Yukon Reports One COVID-19 Death, 8 New Cases and Issues 2 Public Exposures

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Yukon’ acting chief medical officer of health is reporting one new COVID-19 death Wednesday along with 8 new cases, as well as issuing two public exposure notices in the region’s capital.

In a statement, Dr. Catherine Elliot said the death happened Wednesday at the Whitehorse General Hospital.

It’s the 9th death from COVID-19 in the Yukon since the beginning of the pandemic.

“None of the people who have died in the Yukon were fully vaccinated,” read the statement released Wednesday.

In the statement, the territorial government said there have been 8 new COVID-19 cases since Friday in the region, including one at Porter Creek Secondary School. It is one of the two new cases in Whitehorse.

There is 1 new case in rural Yukon and 5 of the new cases are of persons who were diagnosed in the Yukon but live outside the territory.

The total number of active COVID-19 cases in the province is now 20, two less than were reported last Friday.

Public exposure notices

The territorial government released a public exposure notice for passengers on bus number 6 of Whitehorse Transit, southbound from Porter Creek to Grainger, between 3 p.m. and 4p.m. on September 2.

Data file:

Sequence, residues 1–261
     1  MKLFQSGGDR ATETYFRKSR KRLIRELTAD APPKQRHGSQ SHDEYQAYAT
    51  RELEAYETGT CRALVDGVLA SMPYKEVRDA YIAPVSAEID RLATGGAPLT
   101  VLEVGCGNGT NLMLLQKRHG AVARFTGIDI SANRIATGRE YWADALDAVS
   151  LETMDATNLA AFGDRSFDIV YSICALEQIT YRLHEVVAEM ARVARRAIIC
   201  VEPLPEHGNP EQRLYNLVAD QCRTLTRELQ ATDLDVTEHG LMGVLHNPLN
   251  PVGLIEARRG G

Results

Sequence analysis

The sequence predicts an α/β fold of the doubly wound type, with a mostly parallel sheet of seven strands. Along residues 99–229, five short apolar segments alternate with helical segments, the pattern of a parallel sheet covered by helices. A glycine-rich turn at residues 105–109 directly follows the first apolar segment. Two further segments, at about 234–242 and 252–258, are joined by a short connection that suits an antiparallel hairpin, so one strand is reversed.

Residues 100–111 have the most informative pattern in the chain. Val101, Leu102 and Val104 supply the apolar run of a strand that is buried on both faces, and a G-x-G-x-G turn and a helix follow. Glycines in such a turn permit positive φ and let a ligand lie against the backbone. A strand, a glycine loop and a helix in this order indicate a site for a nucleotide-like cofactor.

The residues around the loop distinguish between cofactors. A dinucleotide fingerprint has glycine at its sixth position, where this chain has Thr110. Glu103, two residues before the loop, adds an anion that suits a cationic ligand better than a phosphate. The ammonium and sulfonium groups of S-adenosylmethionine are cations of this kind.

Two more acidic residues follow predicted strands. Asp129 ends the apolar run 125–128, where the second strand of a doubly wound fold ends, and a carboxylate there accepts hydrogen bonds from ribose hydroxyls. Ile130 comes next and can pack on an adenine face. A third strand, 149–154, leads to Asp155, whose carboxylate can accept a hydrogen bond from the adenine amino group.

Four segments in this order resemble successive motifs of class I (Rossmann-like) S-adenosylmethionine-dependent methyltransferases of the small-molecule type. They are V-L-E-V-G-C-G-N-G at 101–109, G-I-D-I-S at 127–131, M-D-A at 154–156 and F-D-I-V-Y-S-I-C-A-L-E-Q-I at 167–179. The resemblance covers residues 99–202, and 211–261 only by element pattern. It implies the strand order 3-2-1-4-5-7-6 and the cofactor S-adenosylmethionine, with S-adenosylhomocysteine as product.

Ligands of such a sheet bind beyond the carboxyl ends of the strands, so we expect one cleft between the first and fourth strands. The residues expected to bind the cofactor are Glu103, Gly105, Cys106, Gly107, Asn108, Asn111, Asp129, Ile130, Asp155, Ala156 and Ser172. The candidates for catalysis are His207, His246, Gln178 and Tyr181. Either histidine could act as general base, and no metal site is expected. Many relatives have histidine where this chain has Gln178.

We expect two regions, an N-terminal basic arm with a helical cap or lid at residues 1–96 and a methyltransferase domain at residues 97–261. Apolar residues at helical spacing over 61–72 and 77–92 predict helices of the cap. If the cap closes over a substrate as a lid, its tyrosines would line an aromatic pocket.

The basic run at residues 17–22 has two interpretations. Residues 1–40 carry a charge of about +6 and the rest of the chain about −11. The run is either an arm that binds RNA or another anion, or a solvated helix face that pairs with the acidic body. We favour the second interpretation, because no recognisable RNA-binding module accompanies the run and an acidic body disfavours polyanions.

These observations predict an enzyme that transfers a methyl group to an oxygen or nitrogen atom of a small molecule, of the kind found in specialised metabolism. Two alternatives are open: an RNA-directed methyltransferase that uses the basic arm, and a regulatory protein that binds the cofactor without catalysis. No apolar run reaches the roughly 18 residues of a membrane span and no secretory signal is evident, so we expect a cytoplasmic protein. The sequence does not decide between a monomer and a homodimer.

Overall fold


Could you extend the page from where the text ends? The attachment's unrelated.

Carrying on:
Those passengers are asked to self-monitor for symptoms till September 16.

A second public exposure notice was issued for the running track at Whitehorse’s Canada Games Center on August 30 between 5 p.m. and 7 p.m.

Individuals who were at the track at that day and time are being ordered to self-monitor for symptoms till September 13.

School case

In a separate release Wednesday, Elliot said she has offered direction to students in 4 separate Grade 9 and 10 classes at Porter Creek Secondary School:

  • Period 1 – New Media/Literary Studies 10 in room 101
  • Period 2 – Science 10 in room 141
  • Period 3 – Math 9 in room 149
  • Period 4 – Physical Education 10 in gym E

Students in those classes who are fully vaccinated and not immunocompromised need to monitor for symptoms till September 17 whereas students who are either partially or not vaccinated should self-isolate till September 13 and then monitor for symptoms till September 17.

“We have been expecting to see cases within the schools this fall and we have built our responses accordingly,” said Elliott in the statement.

She added that family members of the affected classes were notified of the case Tuesday evening.

Elliot additionally said in the statement that Yukon Communicable Disease Control “is contacting anyone directly who may be a close contact of the identified case and is providing one to one direction on who needs to self isolate or self monitor.”

“I can’t stress enough how the risks of spread are higher for anyone who is not vaccinated,” she said.

The statement said vaccines are available for any person 12 and older in the region, and for kids born in 2009 who haven’t turned 12 yet.

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